JR is fully right here. You better be a bit conservative
when shuttling people around in metal tubes at 30.000+
Positive note for those who suffer from info deprivation
in aircraft: technology is being developed right now
which will allow you to use your cellphone onboard.
This will probably transform aircraft from a flying metal
tube into a flying aggegration of a few hunderd telephone
booths - without acoustical isolation. Ai me.
Sent: Wednesday, March 21, 2001 9:52
To: John Stracke
Subject: Re: presentation-prep as safety hazard
John Stracke <francis(_at_)ecal(_dot_)com> con fecha 20/03/2001 05:35:15 PM
CC: (cci: Joaquin Rivera Rodriguez/TDC)
Asunto: Re: presentation-prep as safety hazard
<Dave Crocker wrote:
<> On the way here, the flight attendant insisted that I turn
off my Palm Pilot.
<> Do they make people turn off hearing aids?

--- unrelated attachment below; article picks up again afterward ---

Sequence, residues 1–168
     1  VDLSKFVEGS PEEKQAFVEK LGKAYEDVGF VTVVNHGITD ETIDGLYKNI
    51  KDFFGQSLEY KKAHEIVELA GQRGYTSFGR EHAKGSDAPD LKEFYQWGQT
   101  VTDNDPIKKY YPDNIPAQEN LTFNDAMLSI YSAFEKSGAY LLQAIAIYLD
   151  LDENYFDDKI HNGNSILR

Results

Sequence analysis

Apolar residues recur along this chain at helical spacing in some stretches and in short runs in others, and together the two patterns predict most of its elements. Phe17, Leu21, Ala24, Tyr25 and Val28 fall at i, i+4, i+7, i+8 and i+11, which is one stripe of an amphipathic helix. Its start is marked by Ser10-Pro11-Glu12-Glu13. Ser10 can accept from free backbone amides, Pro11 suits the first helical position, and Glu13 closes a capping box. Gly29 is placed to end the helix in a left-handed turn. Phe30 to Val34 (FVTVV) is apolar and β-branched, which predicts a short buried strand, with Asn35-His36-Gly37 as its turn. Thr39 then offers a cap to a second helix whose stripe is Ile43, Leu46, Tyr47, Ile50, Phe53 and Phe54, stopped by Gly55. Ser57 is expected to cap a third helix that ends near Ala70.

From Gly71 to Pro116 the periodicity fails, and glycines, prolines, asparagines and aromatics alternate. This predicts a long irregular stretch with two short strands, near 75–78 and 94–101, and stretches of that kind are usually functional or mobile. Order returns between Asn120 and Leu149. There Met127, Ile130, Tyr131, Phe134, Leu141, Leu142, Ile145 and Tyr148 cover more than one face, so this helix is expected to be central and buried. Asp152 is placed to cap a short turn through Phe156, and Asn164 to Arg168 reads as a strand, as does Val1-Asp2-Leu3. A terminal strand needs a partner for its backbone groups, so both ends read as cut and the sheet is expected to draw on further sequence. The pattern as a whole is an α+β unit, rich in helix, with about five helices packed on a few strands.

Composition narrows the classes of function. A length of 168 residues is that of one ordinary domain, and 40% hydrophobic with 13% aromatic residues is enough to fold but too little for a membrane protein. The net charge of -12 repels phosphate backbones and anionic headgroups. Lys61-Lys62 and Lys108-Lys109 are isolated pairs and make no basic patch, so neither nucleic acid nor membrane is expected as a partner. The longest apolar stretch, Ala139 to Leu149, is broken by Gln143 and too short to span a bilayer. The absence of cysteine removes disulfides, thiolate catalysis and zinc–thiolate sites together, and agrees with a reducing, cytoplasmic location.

<And, if they do, how do they tell them it's OK to turn them
back on? :-)
<The remaining question, of course, is how come the airplane
<manufacturers can't build a plane to resist this interference.
Could it be that IT developments take 6 months and plain
developments takes 5 to
Who had a wireless device 5 years ago? What about 10 years
ago? What about in
1969, when the first 747 started to fly?
Could it be that a bug in your ERP may make you loose money,
a bug in a plain
makes you loose your life.
Could it be that if "windows" crashes every couple of days
you just reboot it,
if a 747 crashes one single time, +400 persons die. (Who does
I agree that plains should be better "shield" but, maybe we
community) are not the ones to tell other how to do more
reliable things and,
fore sure we have a very week point when it comes to liabilities.
Anyway, do we know what a router and a switch are, becouse,
everyone on avionics
knows what a transponder or a flap is, with no doubt about
its definition or